Charles Darwin has become one of the most divisive men in history. One reason, perhaps, that no one has ever tried to make his biopic. Until now.
"We didn't find that American distributors were beating a path to our door," said Jon Amiels, director of a new movie about Darwin's life called "Creation," distributed in the United States by Newmarket Films. "This is not a fashionable film in that sense and not the easiest film to market in any conventional sense. The fact that it was also a hot potato in terms of its subject content I think also made several studios quite squeamish about handling it."
The Creation vs. Evolution debate is, of course, a bitter one. The conservative Christian Web site Movieguide.org calls "Creation" a "beautifully made, poignant movie" but goes on to warn viewers away: "The fact that the movie is so well done is what makes it very dangerous. ... A lie that there is no God ... is still a lie, even if it's well-written and acted."
"Creation" focuses on Darwin's own struggle as the enormity of his theory of evolution dawned on him.
In the movie, Darwin's eldest daughter, Annie, asks her father, "What are you so scared of? It's only a theory."
Darwin replies, "If I'm right, it changes everything. Suppose the whole world stopped believing that God had any sort of plan for us."
The movie is set at Down House in Kent, not far from London, where the Darwin family lived for many years.
At Down House, one can visit Darwin's study and see the very table on which he wrote "On the Origin of Species." As Darwin worked, his kids would run in and out, steal their father's footstall, pester him and beg him to come play with them in the garden. "Creation " focuses on Darwin's relationship with his kids and, more crucially, his wife.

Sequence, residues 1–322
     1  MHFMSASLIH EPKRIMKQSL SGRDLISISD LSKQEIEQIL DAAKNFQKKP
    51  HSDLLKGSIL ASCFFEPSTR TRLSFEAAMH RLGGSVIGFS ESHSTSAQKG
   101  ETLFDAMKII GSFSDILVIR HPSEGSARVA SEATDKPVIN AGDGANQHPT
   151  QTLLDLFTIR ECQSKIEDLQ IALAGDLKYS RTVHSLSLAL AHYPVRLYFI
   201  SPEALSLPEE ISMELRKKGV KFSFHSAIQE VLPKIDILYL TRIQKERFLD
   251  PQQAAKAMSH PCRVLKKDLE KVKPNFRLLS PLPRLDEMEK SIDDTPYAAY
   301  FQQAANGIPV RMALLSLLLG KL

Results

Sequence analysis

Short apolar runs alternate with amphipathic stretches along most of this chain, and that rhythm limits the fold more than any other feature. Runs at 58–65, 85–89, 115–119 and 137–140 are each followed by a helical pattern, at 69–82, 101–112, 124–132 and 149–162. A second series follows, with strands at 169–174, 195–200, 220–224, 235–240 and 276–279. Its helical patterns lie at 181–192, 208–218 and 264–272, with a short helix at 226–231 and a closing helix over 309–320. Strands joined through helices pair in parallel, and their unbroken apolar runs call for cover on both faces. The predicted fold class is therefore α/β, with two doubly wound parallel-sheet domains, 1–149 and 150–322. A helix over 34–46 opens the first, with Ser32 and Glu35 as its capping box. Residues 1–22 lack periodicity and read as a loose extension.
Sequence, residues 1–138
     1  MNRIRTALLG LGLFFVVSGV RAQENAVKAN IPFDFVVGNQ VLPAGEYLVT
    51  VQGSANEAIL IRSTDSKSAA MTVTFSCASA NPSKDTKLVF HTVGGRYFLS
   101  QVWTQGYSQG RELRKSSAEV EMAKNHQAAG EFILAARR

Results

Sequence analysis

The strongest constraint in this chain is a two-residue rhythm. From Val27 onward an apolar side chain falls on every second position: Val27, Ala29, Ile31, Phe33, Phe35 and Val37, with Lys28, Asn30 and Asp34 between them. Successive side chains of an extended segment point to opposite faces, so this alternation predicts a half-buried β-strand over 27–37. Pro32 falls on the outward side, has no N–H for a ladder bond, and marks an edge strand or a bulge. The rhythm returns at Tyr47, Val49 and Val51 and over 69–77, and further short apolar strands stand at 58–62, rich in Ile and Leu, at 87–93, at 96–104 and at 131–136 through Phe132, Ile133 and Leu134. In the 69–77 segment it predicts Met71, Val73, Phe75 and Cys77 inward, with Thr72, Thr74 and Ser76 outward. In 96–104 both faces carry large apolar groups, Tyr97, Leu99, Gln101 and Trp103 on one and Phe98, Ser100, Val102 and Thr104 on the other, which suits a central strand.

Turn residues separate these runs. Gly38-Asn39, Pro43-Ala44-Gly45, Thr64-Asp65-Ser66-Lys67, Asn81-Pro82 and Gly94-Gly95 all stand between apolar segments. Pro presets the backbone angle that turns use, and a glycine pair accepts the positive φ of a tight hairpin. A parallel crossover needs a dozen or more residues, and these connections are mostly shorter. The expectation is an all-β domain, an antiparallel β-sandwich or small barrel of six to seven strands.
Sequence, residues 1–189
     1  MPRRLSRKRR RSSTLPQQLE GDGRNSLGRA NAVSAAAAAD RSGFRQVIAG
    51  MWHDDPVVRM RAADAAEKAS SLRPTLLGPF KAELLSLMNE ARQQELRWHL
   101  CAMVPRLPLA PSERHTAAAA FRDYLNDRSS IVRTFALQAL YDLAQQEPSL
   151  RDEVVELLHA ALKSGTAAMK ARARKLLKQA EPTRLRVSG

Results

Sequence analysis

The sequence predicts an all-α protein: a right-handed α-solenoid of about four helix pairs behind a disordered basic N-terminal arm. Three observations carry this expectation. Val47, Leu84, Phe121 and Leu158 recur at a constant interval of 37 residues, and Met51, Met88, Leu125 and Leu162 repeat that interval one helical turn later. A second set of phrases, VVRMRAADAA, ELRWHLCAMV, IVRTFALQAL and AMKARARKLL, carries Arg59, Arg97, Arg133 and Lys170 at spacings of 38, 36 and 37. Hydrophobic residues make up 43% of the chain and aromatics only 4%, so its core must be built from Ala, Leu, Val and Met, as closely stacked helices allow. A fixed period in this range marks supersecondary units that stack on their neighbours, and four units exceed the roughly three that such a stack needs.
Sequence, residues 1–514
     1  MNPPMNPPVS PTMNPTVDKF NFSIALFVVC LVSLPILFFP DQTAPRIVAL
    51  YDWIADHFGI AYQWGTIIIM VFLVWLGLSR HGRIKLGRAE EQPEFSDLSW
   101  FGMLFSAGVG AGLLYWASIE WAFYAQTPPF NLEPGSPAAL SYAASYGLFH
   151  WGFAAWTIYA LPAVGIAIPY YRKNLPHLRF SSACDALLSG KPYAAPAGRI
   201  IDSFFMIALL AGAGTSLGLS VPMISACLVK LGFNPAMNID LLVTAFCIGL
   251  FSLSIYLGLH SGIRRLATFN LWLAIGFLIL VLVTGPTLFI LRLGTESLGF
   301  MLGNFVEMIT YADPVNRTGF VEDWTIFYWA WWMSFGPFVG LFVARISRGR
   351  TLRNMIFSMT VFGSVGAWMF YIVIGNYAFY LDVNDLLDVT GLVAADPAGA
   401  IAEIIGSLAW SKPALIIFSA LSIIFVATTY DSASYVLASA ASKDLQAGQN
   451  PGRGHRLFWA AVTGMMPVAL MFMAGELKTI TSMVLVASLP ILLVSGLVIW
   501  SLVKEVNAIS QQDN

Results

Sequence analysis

Darwin's wife, Emma, was deeply religious, a Unitarian. She believed strongly in what we now call creationism. At the time it was just the accepted truth.
The film stars married couple Paul Bettany and Jennifer Connelly as Charles and Emma Darwin.
It imagines a conversation between the couple.
"I think you are at war with God, Charles," Emma says. "We both know it's a battle you can't win."
The battle rages on. Today, about 40 percent of Americans believe in Darwin's theory of evolution, according to a 2009 Gallup poll. Thousands of Americans visit the Creationist Museum in Petersburg, Ky., every year. Many accuse Darwin of not just denying God but of spawning race hate.
The movie seeks to humanize Darwin; something that might surprise his detractors.
"I think it is possible that some people who come through the Creation Museum, if they watch that movie, might be challenged concerning Darwin as a family man, Darwin as a father, as a husband," museum curator Ken Ham. "He wasn't an evil man running around trying to deliberately hurt people or anything like this. I think he truly did struggle in regard to the whole issue of his ideas of evolution; killing God, if you like."
Darwin's own faith was eroded by his research, particularly his trip around South America aboard the Beagle. By most accounts, the injustice he felt at the death of his daughter Annie snuffed out his faith. But Darwin continued to respect his wife's religion and her opposing view.
In the movie, Darwin presents his final manuscript to his wife, who is at the piano and stops playing.
"I've finished," the Darwin character says. "I've finished. ... You decide."
"About what?" Emma replies.